8.  Oil prices began to rise quickly in 2009 as Obama talked about a "surge" of his own, appointed the same Bush-generals in war operations and violence surged up into 2010.  (See, no matter the administration; "it's the war policy, stupid").  Granted, this is also when the Gulf Spill changed Obama administration's policy on off-shore drilling, but with no immediate effect upon supply.

POINT 5:  It is Economic Suicide for the U.S. to Increase Conflict with Iran

Do you think this chart shows the potential for such a conflict to inflate oil prices from a "fear premium" on Supply?  Experts think so: See here in regard to Economic Sanctions already begun (though propaganda Op-eds from pro-Israel groups are now attempting to downplay this, to protect their policy on Iran).

Does anyone want a repeated spike of oil prices like during the Iraq-Iran War (see graphs previous)?  Prices of over $200 per barrel have been mentioned if there was an Israeli strike on Iran's nuclear facilities, because of certain retaliation by Iran, and immediate inflammation of war in the Middle East.   TELL CONGRESS TO BACK OFF THE WAR-MONGERING AND SANCTIONS AGAINST IRAN UNLESS YOU WANT TO PAY FOR IT, LITERALLY, IN YOUR GAS AND CONSUMER PRICES.  (It is irrational to believe Iran would attack Israel without provocation).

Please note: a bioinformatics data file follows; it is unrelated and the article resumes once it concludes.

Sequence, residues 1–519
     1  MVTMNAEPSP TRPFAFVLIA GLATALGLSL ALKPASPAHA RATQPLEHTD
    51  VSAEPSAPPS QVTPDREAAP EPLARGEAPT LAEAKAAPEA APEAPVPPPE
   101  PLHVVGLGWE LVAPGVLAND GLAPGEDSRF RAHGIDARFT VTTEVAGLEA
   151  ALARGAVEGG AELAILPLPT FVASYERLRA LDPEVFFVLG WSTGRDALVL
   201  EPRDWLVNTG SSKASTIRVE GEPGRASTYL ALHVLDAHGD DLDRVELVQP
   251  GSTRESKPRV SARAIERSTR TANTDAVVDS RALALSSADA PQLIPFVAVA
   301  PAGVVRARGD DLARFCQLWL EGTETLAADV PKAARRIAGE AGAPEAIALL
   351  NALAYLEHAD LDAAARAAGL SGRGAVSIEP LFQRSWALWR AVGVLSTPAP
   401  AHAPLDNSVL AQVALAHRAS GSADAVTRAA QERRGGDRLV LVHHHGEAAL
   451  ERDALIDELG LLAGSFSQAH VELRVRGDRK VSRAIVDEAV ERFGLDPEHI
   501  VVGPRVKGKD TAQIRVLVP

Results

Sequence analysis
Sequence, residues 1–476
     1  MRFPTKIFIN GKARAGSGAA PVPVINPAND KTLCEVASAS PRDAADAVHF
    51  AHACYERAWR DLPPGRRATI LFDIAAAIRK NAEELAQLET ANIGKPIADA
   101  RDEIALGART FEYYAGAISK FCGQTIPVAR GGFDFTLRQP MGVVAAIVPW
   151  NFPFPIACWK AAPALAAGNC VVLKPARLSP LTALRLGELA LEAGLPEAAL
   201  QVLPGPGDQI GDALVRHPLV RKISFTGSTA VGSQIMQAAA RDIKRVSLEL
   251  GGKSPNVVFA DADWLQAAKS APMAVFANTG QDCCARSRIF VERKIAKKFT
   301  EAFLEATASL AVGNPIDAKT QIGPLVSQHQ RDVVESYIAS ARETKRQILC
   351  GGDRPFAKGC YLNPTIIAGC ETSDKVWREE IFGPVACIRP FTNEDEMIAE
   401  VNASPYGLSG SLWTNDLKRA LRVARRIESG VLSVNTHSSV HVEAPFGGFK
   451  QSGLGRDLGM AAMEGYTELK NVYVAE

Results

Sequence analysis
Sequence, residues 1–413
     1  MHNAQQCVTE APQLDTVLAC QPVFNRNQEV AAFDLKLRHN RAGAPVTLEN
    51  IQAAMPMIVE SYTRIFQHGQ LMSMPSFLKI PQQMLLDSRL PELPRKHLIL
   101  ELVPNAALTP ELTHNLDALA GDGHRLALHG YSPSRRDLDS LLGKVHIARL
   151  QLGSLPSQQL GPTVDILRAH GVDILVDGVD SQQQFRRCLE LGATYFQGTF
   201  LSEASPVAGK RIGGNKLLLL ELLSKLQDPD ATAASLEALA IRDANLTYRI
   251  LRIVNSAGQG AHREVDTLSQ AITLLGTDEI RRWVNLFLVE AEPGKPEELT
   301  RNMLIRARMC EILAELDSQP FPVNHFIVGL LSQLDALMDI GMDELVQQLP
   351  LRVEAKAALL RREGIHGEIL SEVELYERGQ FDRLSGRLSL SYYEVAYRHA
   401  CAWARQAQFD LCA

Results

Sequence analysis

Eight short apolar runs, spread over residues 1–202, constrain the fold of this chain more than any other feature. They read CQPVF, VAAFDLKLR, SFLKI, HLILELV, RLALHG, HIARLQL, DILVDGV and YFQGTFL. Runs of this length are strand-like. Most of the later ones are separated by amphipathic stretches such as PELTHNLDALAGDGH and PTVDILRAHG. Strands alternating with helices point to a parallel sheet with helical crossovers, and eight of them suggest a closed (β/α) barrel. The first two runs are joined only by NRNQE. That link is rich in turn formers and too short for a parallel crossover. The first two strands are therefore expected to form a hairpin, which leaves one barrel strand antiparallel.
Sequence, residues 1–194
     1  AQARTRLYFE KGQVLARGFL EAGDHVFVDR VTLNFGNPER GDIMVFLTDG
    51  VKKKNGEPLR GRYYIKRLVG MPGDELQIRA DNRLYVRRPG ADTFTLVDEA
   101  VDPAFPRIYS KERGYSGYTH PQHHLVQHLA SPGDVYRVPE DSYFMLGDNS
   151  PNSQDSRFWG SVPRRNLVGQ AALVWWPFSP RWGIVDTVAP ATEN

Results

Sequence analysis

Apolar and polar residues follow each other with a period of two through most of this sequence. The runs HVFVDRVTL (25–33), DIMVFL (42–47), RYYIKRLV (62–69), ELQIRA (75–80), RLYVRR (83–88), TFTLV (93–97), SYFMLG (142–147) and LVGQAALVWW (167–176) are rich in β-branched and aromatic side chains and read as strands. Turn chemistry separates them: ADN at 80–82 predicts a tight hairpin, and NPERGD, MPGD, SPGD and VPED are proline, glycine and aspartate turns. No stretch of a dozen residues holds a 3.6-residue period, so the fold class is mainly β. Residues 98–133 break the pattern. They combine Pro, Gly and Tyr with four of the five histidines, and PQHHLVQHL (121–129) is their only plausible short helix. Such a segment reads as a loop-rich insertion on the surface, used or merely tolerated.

POINT 6:  Oil Prices Influence All Consumer Prices, The Whole American Economy


If foreign policy affects oil and gas prices, then foreign policy affects the entire U.S. economy, of which oil and gas prices is a key factor.  Isn't that what we have seen since the invasion of Iraq?  The price of all consumer goods has gone up, and stayed up, along with oil prices.  This pattern is undeniable and will continue.